Moody Bible Institute’s annual Bible conference is being hosted this week with great speakers including Ravi Zacharias, Francis Chan, Jill Briscoe, and more. Today’s post is from Thrive80 relating the teaching of Gene Getz. You can listen to any of the conference sessions here.
As an Alumnus of Moody Bible Institute, author of more than 60 books including The Measure of a Man, and host of Moody Radio program Renewal, I was excited to hear Gene Getz speak.
Can you measure a church’s health? How can we gauge our growth? Numbers, programs, familiarity?
Getz brought us to 1 Thess. 1:2 (also mirrored in Col.1:4). As Paul addresses a letter to the Thessalonian church he thanks God for three areas of growth that they were thriving in:
- Their work of faith
- Their labor of love
- Their endurance of hope
The degree to which faith, hope and love are reflected in a community of believers will be the sign of measurable growth.
Getz brought us to Ephesians to look at two different kinds of faith that are mentioned in the Bible: saving faith and works of faith. These well-known verses in Ephesians 2:8-10 give us an example of both. By grace you are saved through faith (Saving faith) – Unto good works prepared beforehand by God (Works of faith) They are related; because we are saved by grace, there is a certain way in which we are to walk.
Work of Faith = Measurable
Gene directed us to 2 Thessalonians where Paul greets his recipients by thanking God for their love, faith, and … wait, hope is missing. Why did Paul leave out their growth in hope?
As you read down a few chapters, it is clear. They doubted the coming of the Lord. Some thought He had come already, creating confusion. Paul needs to build their hope through proper teaching. He had measured it, and it was found lacking.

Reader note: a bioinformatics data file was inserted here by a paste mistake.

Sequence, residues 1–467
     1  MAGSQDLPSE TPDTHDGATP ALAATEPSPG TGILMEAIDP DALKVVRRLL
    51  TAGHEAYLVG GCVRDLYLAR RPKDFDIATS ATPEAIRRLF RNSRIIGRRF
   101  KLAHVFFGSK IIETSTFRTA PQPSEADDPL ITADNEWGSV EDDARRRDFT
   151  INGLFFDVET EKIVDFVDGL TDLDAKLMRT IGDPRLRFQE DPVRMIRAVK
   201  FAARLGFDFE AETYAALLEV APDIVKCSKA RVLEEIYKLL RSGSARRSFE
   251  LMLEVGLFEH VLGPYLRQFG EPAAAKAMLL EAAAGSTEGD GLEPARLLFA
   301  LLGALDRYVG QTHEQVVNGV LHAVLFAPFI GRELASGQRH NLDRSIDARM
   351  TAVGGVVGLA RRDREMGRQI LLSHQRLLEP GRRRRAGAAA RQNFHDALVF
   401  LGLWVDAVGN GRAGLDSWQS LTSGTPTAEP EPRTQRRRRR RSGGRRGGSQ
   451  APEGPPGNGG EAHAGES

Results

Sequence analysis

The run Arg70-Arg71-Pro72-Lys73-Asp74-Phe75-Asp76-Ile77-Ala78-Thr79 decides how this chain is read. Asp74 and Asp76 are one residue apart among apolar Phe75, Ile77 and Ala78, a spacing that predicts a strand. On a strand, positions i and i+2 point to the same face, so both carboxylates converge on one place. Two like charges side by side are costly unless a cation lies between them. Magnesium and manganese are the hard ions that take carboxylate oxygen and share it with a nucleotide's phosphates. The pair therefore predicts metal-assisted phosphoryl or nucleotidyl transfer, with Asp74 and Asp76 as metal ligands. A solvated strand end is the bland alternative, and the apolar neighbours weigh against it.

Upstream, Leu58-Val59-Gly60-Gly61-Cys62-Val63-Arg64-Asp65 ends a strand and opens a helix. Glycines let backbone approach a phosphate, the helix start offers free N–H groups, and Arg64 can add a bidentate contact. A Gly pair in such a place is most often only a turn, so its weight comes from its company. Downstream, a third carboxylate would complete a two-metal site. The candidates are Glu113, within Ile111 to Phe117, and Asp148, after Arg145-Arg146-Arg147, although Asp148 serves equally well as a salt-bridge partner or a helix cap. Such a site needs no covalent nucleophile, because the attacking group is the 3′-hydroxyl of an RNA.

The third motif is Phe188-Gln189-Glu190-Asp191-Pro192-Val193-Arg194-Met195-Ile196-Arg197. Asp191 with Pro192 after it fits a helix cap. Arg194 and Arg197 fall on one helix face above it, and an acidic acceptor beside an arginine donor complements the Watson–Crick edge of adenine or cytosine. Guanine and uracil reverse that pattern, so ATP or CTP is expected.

Endurance of Hope = Measurable
To measure love, Getz brought us to the love chapter of the Bible, 1 Cor. 13. Since, in this chapter, he was instructing the Corinthians on a lack of love, it’s a fair question to ask: “How did Paul address the Corinthians at the start of this letter?”
There is no praise recorded at all. No faith. No hope. No love. The Corinthians were a mess. The only thing that Paul could find to be thankful for was grace—God’s grace to them.
Getz brought up an interesting point: “There is no correlation between spiritual gifting and maturity.”
The Corinthian church had been given much gifting. This was the grace that Paul thanked God for at the start of the letter. They spoke in tongues, and prophesied, yet did it without love. They lacked the measurable maturity of love and so had nothing. This is evidenced as Paul lists (1 Cor.13:4-7) all the qualities of love, and Paul had just spent 11 chapters explaining to them how they were lacking in each of them. Their focus was misdirected. The Corinthian church viewed gifting as the measure of maturity instead of love.
Labor of Love = Measurable
So that’s it. Faith. Hope. Love.
When measuring a gathering of believers, we must look at how they measure up to the full measure of Christ in faith, hope and love—above all, love. All three of these are measurable.
If Paul wrote a letter to your church, what would the greeting praise you for? Do you have a measuring of hope, faith, and love? Or would he merely thank God for His grace toward you?
Paul probably wouldn’t say, “I thank God for your programs,” or “I thank God that your pastor is on TV.” These can be great, but when measuring growth in a church, look at three things: Faith. Hope. Love.